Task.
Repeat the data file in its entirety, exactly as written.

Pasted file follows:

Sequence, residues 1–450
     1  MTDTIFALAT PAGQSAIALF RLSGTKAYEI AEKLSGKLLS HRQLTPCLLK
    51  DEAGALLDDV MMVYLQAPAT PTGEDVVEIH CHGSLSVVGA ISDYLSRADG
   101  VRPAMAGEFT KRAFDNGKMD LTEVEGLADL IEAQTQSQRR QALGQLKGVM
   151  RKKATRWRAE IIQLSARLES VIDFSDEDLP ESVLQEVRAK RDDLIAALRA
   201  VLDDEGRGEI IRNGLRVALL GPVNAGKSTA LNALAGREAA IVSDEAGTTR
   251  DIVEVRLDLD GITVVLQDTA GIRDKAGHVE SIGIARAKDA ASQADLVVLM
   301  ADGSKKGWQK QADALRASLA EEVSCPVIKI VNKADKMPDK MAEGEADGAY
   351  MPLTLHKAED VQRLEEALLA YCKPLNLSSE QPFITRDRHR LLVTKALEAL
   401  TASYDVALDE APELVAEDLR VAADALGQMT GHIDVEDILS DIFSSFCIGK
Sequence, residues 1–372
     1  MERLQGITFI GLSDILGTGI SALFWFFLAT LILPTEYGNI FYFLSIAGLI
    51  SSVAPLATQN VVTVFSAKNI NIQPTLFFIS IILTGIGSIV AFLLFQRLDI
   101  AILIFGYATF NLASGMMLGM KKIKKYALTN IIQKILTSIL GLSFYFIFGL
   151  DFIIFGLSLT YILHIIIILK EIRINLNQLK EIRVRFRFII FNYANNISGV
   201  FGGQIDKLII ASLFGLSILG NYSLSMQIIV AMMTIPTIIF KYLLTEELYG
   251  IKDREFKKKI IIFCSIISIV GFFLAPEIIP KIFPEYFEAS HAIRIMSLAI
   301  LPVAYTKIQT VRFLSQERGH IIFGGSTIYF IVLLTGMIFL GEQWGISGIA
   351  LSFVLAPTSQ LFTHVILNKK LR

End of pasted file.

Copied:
Sequence, residues 1–450
     1  MTDTIFALAT PAGQSAIALF RLSGTKAYEI AEKLSGKLLS HRQLTPCLLK
    51  DEAGALLDDV MMVYLQAPAT PTGEDVVEIH CHGSLSVVGA ISDYLSRADG
   101  VRPAMAGEFT KRAFDNGKMD LTEVEGLADL IEAQTQSQRR QALGQLKGVM
   151  RKKATRWRAE IIQLSARLES VIDFSDEDLP ESVLQEVRAK RDDLIAALRA
   201  VLDDEGRGEI IRNGLRVALL GPVNAGKSTA LNALAGREAA IVSDEAGTTR
   251  DIVEVRLDLD GITVVLQDTA GIRDKAGHVE SIGIARAKDA ASQADLVVLM
   301  ADGSKKGWQK QADALRASLA EEVSCPVIKI VNKADKMPDK MAEGEADGAY
   351  MPLTLHKAED VQRLEEALLA YCKPLNLSSE QPFITRDRHR LLVTKALEAL
   401  TASYDVALDE APELVAEDLR VAADALGQMT GHIDVEDILS DIFSSFCIGK
Sequence, residues 1–372
     1  MERLQGITFI GLSDILGTGI SALFWFFLAT LILPTEYGNI FYFLSIAGLI
    51  SSVAPLATQN VVTVFSAKNI NIQPTLFFIS IILTGIGSIV AFLLFQRLDI
   101  AILIFGYATF NLASGMMLGM KKIKKYALTN IIQKILTSIL GLSFYFIFGL
   151  DFIIFGLSLT YILHIIIILK EIRINLNQLK EIRVRFRFII FNYANNISGV
   201  FGGQIDKLII ASLFGLSILG NYSLSMQIIV AMMTIPTIIF KYLLTEELYG
   251  IKDREFKKKI IIFCSIISIV GFFLAPEIIP KIFPEYFEAS HAIRIMSLAI
   301  LPVAYTKIQT VRFLSQERGH IIFGGSTIYF IVLLTGMIFL GEQWGISGIA
   351  LSFVLAPTSQ LFTHVILNKK LR